When we consider the governments of South and Central Asia in their own context it is easy to see how India was described as a ‘shining example’ of a democratic developing nation.  One thing that must make us pause though is that the origin of that quote is Tony Blair and all other political, moral and recent historical considerations aside, he is a man who last year sold his services to repaint the face of another Central Asian government: Kazakhstan.  This state shoots strikers, burns the offices of opposition leaders and kills their leaders, but as far as their government, Tony Blair, Alastair Campbell, Jonathon Powell and other Portland Communications associates are concerned, it is all a question of PR.
You cannot group any region’s governments together but as far as current foreign policy in South and Central Asia is concerned, the definition of democracy is a flexible one and one that can be applied where convenient.  This type of short-termist labelling may not be unexpected but the inevitable result is hypocritical and immoral relationships, embarrassing backtracking and simply messy foreign policy which in the long run does more harm than good.

Wednesday 4 July 2012

Burma: the difficulties of democratisation

Bhavin Vyas

David Cameron and the symbol of struggle: The Prime Minister became the first to visit Burma since independence in 1948 but the struggle for democracy continues. Photo: Soe Than WIN/AFP/Getty Images.

“We want to help see the changes that can bring the growth of freedom of human rights and democracy in your country."

With these words, David Cameron became the first Western leader to officially visit Burma (Myanmar) since Aung San Suu Kyi won a succession of by-elections in April. Cameron also became the first British Prime Minister to visit since Burma gained independence in 1948, and his presence was not only momentous but telling too. He was in Burma with a message of reward – that of lifting EU sanctions in return for reforms made by the government. 

Though the international community remains cautious, the reforms were clearly seen as promising enough to relax long held sanctions. ASEAN approved Burma’s bid for chairmanship in 2014, the US appointed its first ambassadorfor 22 years. Burma, once a prosperous nation in British colonial times, was beginning to be welcomed back from isolation after more than 50 years of junta rule. However, the recent ethnic violence has threatened international integration and the road to democratic reform. It leaves Britain and the international community asking potent questions surrounding its role and what steps to take given its promise to lift sanctions.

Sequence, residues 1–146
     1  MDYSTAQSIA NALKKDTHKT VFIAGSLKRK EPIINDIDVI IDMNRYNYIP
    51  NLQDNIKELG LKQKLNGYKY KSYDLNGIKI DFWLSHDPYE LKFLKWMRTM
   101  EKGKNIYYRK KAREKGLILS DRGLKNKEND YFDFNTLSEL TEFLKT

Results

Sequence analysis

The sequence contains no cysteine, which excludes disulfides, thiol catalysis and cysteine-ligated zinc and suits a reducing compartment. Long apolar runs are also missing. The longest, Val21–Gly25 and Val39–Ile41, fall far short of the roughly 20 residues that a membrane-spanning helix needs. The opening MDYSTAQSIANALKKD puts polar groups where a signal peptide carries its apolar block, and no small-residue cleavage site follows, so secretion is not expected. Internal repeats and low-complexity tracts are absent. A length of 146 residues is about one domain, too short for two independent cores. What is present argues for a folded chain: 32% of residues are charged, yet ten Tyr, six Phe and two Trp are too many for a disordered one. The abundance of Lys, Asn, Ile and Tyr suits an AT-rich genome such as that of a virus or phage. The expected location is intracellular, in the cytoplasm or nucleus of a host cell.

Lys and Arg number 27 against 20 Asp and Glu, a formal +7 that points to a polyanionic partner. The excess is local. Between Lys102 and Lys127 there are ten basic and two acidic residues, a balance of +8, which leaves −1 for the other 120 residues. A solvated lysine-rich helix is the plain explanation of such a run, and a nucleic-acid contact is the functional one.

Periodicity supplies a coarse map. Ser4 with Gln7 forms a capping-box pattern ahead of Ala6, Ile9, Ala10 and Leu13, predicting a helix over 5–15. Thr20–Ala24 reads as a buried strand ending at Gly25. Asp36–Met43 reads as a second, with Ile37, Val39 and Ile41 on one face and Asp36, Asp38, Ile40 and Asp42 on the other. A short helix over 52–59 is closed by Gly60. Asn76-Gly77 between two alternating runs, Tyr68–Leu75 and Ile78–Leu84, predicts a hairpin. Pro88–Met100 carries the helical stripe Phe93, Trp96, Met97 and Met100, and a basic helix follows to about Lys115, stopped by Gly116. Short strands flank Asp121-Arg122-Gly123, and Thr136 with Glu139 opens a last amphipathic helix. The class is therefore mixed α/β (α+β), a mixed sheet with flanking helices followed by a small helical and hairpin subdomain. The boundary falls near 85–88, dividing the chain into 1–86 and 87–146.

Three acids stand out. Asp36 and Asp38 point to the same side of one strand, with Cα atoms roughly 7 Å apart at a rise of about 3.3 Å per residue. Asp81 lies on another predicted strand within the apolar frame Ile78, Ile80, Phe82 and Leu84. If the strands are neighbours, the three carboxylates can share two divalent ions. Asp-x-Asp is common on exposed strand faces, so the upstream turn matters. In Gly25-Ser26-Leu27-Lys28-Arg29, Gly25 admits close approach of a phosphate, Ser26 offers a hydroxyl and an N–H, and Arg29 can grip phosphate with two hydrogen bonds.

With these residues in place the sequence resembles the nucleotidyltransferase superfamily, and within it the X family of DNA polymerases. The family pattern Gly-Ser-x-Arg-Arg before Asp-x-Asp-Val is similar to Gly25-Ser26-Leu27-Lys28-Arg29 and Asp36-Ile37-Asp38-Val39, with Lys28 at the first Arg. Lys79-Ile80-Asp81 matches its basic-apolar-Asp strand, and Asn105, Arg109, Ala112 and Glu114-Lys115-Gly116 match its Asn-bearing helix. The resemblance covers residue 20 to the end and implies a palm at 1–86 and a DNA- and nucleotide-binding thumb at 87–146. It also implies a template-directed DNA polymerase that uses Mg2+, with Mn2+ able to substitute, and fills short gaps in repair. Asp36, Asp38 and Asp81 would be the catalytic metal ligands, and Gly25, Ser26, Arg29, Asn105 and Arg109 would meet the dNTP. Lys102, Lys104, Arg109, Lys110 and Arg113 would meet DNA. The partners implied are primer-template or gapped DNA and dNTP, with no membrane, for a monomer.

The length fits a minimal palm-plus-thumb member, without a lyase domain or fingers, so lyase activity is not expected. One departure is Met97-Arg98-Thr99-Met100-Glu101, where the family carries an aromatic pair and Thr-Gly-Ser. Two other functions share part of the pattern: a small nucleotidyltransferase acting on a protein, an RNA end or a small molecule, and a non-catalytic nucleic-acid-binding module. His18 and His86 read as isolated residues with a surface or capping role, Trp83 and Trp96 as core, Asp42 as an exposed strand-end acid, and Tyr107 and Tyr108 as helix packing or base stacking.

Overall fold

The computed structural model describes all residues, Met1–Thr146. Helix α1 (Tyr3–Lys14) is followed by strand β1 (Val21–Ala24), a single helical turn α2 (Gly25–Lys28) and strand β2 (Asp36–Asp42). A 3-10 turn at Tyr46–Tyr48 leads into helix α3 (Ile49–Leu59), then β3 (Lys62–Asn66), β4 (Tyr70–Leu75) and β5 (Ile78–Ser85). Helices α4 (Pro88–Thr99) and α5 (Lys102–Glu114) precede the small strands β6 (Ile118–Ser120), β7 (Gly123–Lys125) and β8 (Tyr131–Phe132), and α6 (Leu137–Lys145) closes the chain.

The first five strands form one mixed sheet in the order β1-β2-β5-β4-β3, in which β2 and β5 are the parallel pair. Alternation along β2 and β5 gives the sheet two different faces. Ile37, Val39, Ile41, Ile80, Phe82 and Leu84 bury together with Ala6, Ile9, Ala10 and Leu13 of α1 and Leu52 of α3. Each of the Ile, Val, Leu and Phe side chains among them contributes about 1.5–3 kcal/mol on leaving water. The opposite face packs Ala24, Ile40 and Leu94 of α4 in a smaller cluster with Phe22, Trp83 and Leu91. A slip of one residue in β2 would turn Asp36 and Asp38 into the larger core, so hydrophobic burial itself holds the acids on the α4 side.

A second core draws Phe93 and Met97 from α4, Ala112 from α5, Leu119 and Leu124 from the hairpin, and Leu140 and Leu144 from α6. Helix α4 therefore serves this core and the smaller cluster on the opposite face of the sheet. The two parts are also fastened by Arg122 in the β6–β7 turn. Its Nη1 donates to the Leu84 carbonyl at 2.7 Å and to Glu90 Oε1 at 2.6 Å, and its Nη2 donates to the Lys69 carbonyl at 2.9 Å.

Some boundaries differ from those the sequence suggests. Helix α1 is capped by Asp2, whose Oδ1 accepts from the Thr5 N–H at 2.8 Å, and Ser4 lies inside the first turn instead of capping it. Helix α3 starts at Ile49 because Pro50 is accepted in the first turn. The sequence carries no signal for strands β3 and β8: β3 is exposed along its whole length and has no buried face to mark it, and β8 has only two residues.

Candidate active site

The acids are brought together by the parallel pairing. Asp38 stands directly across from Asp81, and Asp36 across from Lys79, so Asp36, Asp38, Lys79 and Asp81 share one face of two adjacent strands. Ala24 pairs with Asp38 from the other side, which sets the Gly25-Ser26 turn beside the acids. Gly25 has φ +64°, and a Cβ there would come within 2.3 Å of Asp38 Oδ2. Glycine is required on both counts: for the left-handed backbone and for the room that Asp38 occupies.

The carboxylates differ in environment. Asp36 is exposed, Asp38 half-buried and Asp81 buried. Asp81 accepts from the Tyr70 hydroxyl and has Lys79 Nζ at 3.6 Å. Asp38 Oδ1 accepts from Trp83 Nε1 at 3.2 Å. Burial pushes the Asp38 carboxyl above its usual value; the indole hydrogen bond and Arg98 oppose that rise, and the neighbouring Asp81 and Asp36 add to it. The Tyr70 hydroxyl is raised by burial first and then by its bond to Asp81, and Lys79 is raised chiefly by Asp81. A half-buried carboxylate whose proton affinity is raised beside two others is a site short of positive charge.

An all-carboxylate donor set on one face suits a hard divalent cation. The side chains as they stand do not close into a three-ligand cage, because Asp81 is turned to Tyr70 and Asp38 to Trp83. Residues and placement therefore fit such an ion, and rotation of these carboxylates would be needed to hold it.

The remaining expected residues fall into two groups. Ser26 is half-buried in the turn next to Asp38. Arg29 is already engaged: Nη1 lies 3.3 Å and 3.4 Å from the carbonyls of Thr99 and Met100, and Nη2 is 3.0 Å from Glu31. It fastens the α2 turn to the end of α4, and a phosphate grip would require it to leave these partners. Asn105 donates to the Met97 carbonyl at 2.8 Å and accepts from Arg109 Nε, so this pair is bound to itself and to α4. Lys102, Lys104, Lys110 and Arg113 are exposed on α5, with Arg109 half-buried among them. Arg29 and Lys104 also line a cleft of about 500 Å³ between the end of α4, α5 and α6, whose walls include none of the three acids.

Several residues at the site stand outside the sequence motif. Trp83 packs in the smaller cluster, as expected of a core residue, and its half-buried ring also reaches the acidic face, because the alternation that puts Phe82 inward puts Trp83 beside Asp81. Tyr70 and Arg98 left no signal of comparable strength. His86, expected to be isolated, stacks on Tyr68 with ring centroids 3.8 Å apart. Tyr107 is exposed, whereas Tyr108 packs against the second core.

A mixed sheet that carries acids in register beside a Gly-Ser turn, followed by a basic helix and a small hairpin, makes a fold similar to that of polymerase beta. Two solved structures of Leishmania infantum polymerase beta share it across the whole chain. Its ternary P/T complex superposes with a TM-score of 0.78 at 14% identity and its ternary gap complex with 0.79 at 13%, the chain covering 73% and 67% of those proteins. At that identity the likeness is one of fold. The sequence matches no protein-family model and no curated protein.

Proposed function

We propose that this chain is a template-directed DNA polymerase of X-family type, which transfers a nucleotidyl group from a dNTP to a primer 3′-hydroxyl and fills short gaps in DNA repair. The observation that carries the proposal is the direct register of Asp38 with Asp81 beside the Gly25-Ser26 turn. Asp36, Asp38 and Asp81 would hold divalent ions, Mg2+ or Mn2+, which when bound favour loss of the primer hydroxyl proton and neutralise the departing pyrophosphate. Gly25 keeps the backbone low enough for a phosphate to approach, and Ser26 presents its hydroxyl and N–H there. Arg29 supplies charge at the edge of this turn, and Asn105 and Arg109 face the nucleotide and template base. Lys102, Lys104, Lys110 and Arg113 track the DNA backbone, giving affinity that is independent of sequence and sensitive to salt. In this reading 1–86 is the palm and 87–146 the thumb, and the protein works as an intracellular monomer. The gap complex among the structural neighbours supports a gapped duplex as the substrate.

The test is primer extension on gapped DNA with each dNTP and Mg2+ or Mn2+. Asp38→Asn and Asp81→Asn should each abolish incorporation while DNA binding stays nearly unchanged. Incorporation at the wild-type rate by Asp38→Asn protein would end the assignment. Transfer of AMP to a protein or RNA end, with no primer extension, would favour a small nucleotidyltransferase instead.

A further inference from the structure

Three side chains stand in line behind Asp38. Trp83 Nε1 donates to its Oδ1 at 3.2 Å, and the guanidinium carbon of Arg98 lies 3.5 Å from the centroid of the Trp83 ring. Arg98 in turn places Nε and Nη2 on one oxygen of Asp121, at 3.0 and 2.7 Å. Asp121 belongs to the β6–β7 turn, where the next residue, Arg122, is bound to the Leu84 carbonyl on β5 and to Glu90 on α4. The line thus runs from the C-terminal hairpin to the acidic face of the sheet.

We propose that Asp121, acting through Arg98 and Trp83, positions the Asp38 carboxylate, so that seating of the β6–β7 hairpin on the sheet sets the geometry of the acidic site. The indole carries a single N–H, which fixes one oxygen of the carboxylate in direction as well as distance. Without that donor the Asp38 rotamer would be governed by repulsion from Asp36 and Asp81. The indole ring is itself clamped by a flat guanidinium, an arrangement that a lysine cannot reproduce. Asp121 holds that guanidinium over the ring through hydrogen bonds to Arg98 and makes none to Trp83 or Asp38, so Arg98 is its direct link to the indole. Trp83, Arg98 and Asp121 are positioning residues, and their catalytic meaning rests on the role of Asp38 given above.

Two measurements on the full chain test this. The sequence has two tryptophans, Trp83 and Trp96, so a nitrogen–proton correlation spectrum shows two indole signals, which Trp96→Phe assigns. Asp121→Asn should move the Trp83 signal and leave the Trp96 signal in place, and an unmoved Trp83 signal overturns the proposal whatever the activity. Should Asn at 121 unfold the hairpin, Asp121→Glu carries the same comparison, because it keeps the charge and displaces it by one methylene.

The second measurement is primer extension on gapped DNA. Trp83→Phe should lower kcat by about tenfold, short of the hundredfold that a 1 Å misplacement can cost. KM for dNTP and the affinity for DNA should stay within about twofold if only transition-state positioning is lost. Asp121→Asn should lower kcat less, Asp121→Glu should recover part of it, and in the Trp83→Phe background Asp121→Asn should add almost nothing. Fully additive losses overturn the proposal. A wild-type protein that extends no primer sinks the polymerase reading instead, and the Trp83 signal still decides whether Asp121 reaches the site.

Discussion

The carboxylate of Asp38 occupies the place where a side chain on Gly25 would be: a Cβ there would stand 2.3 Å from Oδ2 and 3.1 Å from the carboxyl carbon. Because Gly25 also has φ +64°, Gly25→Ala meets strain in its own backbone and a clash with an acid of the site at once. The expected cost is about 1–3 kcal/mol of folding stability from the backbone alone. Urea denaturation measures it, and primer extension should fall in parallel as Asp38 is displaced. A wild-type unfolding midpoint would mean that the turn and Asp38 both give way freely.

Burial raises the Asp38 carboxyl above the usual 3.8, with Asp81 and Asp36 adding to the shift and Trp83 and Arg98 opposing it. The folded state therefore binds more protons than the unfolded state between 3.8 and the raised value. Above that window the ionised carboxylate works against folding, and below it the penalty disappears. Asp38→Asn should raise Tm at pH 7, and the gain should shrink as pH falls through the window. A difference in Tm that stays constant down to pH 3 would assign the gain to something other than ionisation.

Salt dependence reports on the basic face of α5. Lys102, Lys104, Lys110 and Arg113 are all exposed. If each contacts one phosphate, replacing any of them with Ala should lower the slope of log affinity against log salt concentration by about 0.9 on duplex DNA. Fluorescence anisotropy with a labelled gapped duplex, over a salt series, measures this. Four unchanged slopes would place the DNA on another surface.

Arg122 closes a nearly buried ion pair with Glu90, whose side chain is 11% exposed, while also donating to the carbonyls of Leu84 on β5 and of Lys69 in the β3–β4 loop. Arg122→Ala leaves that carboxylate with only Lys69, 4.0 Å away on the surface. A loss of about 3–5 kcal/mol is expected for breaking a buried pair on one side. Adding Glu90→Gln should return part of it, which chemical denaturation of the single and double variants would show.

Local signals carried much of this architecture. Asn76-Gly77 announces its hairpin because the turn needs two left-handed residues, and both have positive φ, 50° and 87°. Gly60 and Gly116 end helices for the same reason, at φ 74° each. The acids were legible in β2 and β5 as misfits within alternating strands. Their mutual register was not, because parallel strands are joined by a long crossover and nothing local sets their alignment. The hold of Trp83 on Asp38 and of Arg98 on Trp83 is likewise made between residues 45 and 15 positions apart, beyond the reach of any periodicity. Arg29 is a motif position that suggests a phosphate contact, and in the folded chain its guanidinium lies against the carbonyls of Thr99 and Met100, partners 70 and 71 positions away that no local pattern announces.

Ethnic violence and instability
The recent ethnic violence between Buddhists and Rohingya Muslims has already claimed over 50 lives since clashes began in the Rakhine state in May. The clashes erupted in response to the rape and murder of a Rakhine Buddhist woman, for which three Muslim men have since been sentenced to death. Revenge attacks between Buddhists and Muslims escalated the clashes and in response, President Sein declared a state of emergency and handed administrative authority to the army over Rakhine state. This has left a familiar uneasy feeling. Burma has long been a hotbed of oppression, emergency rule and ethnic strife. Arbitrary state violence helped the junta maintain power and control.

It has shockingly highlighted the fragility of ethnic relations in Burma. Rohingya Muslims have lived for many generations in Burma but are seen by the government as illegal immigrants from Bangladesh and are not officially recognised as one of the country’s ethnic minorities. Rakhine state has the highest concentration of Muslims in Burma, and there have been long-standing religious tensions in the region. 

The recent violence has again exposed the ethnic rifts in Burma, and threaten to derail democratisation. Photo: KHIN MAUNG WIN AP.